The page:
Tag Archives: oppression

PC(USA) Week of Action – August 25

On Wednesday, Aug. 25, the PC(USA) Week of Action will turn its attention to the LGBTQIA+ community with events including a children’s story time and a poetry and story slam. The Week of Action is designed to bring attention and action to people and communities living under different forms of oppression.

Check out the schedule and watch the events at the Week of Action home page.

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Filed under Current Events, Human Rights, Louisville, Presbyterian Church (U.S.A.)

PC(USA) Week of Action

From August 23-29, the Presbyterian Church (U.S.A.) will observe a Week of Action. The theme this year is “Shades of Oppression, Resistance and Liberation.” Each day will focus on a crisis or issue facing the people of the world. The week is evocative—it cannot cover every issue. The week also points to the breadth of resistance and liberation work being done by Presbyterians and our partners. Events will be both virtual and potentially in person.

All events will be livestreamed on the Week of Action web page where you can find the schedule with the times of the events (Eastern Daylight time). You are encouraged to watch the events live if possible. Livestreamed events will be presented in English, Korea, and Spanish. Events will be posted at a later date. There will be posts on PC(USA) social media – Facebook and Twitter.

Here is the scheduled of themes for the week:

Monday, August 23: Middle East … Our Peace

Tuesday, August 24: Vivencias Hispano-Latinas: Unidad en Cristo AND Systemic and Racialized Poverty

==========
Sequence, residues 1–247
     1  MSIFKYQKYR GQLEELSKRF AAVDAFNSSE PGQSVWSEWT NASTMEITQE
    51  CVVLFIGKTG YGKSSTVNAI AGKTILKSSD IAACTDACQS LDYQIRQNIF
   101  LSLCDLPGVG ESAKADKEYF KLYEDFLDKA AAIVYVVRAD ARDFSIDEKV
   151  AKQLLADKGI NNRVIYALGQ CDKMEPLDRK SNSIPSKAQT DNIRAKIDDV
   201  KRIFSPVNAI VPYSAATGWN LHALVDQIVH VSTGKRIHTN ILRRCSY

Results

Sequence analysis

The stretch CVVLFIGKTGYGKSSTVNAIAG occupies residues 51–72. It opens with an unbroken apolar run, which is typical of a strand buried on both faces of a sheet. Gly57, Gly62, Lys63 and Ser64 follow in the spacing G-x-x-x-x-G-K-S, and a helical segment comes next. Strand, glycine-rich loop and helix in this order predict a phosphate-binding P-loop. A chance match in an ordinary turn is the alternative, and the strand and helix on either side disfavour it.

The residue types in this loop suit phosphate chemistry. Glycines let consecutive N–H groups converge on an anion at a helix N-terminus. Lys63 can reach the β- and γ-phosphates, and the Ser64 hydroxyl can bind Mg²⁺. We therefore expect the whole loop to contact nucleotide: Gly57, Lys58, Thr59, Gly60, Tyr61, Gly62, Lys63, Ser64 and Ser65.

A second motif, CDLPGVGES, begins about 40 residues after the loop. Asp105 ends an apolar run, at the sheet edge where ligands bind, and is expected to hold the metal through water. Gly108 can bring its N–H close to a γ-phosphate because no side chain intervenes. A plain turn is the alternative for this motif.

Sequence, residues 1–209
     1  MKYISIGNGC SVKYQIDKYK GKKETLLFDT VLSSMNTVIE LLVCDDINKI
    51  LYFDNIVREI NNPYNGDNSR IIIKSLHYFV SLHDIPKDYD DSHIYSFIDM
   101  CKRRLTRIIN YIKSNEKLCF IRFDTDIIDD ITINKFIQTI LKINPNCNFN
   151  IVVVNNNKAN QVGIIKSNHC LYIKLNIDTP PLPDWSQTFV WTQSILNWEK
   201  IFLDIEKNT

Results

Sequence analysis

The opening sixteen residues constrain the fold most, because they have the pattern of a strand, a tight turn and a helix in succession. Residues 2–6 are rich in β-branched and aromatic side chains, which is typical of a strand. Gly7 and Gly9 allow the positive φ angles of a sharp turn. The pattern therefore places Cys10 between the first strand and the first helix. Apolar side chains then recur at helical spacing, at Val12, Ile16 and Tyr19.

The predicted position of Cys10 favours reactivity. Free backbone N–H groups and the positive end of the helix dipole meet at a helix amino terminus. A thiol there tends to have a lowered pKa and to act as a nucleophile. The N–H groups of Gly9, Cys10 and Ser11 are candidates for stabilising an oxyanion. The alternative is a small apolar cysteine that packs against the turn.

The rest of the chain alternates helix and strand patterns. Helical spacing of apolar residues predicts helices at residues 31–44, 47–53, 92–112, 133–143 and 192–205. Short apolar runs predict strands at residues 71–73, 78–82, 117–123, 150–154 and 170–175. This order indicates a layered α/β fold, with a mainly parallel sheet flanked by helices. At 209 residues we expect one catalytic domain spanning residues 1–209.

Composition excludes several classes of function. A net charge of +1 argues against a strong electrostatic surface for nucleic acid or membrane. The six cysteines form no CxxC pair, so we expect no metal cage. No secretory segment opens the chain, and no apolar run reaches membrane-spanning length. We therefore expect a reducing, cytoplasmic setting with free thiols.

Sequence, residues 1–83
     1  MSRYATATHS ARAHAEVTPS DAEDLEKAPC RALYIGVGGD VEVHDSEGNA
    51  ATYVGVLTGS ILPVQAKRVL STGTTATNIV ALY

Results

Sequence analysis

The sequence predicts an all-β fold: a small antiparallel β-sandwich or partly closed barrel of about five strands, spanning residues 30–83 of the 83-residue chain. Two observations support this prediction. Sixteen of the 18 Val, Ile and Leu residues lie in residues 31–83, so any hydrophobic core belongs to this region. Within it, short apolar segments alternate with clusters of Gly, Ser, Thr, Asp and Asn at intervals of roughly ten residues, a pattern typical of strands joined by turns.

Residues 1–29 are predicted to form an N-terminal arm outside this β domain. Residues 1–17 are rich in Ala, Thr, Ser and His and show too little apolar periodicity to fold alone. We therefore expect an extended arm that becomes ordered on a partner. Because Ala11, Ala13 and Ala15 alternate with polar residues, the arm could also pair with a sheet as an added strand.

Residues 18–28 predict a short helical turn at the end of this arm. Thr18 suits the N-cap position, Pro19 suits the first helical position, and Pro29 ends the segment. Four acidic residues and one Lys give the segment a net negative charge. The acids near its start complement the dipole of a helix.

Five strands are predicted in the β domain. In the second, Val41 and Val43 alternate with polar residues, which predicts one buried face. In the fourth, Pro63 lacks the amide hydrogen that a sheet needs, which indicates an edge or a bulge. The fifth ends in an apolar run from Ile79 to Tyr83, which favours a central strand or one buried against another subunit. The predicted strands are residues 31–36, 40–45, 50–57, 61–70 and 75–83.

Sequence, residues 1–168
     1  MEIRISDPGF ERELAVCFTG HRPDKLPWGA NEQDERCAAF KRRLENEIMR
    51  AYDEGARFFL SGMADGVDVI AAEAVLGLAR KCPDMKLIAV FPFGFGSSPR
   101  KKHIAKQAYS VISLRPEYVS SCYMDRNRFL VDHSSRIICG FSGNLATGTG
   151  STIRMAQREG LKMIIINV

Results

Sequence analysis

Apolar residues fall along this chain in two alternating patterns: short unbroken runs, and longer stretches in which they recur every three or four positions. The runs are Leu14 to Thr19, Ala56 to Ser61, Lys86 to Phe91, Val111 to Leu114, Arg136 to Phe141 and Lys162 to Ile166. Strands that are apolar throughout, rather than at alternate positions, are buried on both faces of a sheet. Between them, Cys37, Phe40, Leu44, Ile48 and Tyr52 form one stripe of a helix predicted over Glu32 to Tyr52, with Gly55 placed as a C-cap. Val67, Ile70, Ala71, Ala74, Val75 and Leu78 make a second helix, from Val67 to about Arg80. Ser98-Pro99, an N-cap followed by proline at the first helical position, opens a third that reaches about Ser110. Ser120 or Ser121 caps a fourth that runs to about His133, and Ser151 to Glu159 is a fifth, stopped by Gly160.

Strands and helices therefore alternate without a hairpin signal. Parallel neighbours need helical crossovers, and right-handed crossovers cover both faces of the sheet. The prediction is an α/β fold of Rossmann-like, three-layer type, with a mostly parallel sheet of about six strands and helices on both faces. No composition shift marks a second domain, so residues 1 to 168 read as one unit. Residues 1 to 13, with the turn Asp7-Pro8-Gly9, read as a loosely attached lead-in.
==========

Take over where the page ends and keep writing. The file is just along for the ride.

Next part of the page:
Wednesday, August 25: LGBTQIA+ Resilience

Thursday, August 26: No More Stolen Relatives: Missing and Murdered Indigenous Women, Girls and Two Spirit People

Friday, August 27: AAPI Resilience, Resistance, Power & Affirmation

Saturday, August 28: Black Lives Matter

Sunday, August 29: Gun Violence Response and Recognition

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Filed under Antiracism, Current Events, Gun Violence, Presbyterian Church (U.S.A.), Presbyterian Ministry at the United Nations

“I am a man”

In 1879, Chief Standing Bear of the Ponca people successfully argued that Native Americans are “persons within the meaning of the law” with the right of habeas corpus. The result of case, held in a U.S. District Court in Omaha, meant that Chief Standing Bear became the first Native American judicially granted civil rights under U.S. law. 

Nebraska recently unveiled a statue of Chief Standing Bear in the U.S. Capitol. A recent story about the statue and Standing Bear in The Washington Post story quotes Standing Bear’s affirmation of common humanity during his trial: